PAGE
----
A “beautiful and courageous” boy has died of a brain tumour weeks before Christmas.
Albie Bayliss-Watts was diagnosed with a rare, aggressive tumour in December last year, after becoming violently sick.
But following surgery and chemotherapy where he showed “strength and courage” throughout treatment, his illness worsened and he died in November.
His devastated parents Lauren and Hayley Bayliss-Watts, now want to support research into brain tumours – in the hope no other family will have to suffer like them.
Lauren told OxfordshireLive : “Hayley and I are grief-stricken and can’t bear the thought of Christmas without our beautiful, funny, courageous baby boy.
“Focusing our attention on raising awareness and fundraising is giving us some comfort in these extremely difficult times.”
Lauren, a support manager for the charity Style Acre, said Albie had suffered a seizure “out of the blue” in October 2020, after which he was taken to hospital.
“They thought it was a type of epilepsy and referred him to neurology,” said Lauren.
“But six weeks later, before Albie was to see a consultant, he started being sick. We thought it was a bug at first then he began vomiting blood and we became really worried.”
An MRI scan revealed a mass the size of a tennis ball on Albie’s brain. It was causing so much pressure that within hours, he was undergoing emergency surgery.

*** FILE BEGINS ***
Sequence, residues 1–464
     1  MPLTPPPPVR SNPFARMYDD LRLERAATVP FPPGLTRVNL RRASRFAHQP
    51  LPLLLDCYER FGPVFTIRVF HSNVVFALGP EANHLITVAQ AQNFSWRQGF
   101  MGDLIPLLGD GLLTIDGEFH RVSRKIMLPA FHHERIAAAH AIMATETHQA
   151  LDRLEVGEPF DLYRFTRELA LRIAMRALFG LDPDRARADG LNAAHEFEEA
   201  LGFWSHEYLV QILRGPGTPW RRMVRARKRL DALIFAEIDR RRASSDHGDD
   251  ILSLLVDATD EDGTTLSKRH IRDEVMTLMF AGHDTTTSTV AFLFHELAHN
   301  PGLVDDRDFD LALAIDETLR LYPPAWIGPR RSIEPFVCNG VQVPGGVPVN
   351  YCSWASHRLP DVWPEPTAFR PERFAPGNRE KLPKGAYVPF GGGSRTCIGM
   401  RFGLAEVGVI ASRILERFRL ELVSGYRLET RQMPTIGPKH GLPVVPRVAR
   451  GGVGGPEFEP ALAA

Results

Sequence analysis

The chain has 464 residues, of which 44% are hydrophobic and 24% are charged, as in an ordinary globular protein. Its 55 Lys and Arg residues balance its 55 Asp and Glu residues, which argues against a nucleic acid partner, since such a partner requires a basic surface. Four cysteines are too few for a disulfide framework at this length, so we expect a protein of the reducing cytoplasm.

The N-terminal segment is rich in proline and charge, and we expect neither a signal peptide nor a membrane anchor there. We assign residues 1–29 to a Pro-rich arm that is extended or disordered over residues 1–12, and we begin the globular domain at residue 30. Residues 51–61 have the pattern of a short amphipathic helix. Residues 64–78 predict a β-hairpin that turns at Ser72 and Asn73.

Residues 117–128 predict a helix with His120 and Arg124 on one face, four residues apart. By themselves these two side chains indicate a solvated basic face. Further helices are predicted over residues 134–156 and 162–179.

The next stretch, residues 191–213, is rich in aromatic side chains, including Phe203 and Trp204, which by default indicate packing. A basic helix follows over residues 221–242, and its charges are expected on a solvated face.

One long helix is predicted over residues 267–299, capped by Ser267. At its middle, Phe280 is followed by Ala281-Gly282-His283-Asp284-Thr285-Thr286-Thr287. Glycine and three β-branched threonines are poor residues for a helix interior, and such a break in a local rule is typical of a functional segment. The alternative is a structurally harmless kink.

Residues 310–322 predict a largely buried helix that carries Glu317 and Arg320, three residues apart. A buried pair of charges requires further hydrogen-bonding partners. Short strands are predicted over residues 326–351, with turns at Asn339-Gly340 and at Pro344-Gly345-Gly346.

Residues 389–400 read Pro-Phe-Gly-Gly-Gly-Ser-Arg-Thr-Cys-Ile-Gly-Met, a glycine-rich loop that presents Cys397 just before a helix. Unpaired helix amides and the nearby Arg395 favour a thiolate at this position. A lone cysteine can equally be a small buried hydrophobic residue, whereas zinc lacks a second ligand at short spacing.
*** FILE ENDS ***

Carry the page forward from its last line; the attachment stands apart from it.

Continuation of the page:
Lauren’s wife Hayley, pub manager at The Royal Oak in Didcot, Oxfordshire, said: “The operation lasted 10 hours. It was horrendous; we paced the corridors all day waiting for news and when, eventually, the surgeon came to tell us that it had gone to plan, we were elated.
“We went to see Albie in the intensive care unit (ICU) but because of the Covid-19 restrictions, we had to go in one at a time. It was clear he recognised us and again, we were so happy and relieved.”
Albie’s surgeon managed to remove 99 per cent of the tumour and after just five days he was able to go home.
But when the biopsy results came back, Albie’s parents were given the news that the tumour – so rare it couldn’t be identified – was high-grade and aggressive.
Lauren said: “On Christmas Eve, Albie had lines fitted in readiness to administer chemotherapy, which would begin in the New Year. Luckily, we were at home on Christmas Day and made some lovely memories – little did we know that it would turn out to be our little boy’s second and last Christmas.”
On New Year’s Eve, Albie began vomiting again and had an emergency scan, which revealed the tumour was already growing back and he would need to start chemotherapy immediately.
Hayley said: “Albie amazed us with his strength and courage. He would spend six days in hospital on the chemo, with a 21-day break in between each cycle but he often got poorly between cycles and would end up having longer gaps.
“The side effects were brutal but he would become stronger with each round; he was so determined. He’d run around the ward, making everyone smile and making us so proud. We called him ‘the unstoppable child’.”
On May 18, Albie celebrated his second birthday during a break in treatment.
Afterwards, his blood test results revealed his bloods hadn’t recovered sufficiently to resume chemo, so his treatment was delayed.
By July, his bone marrow was so damaged that he couldn’t continue on his treatment regime.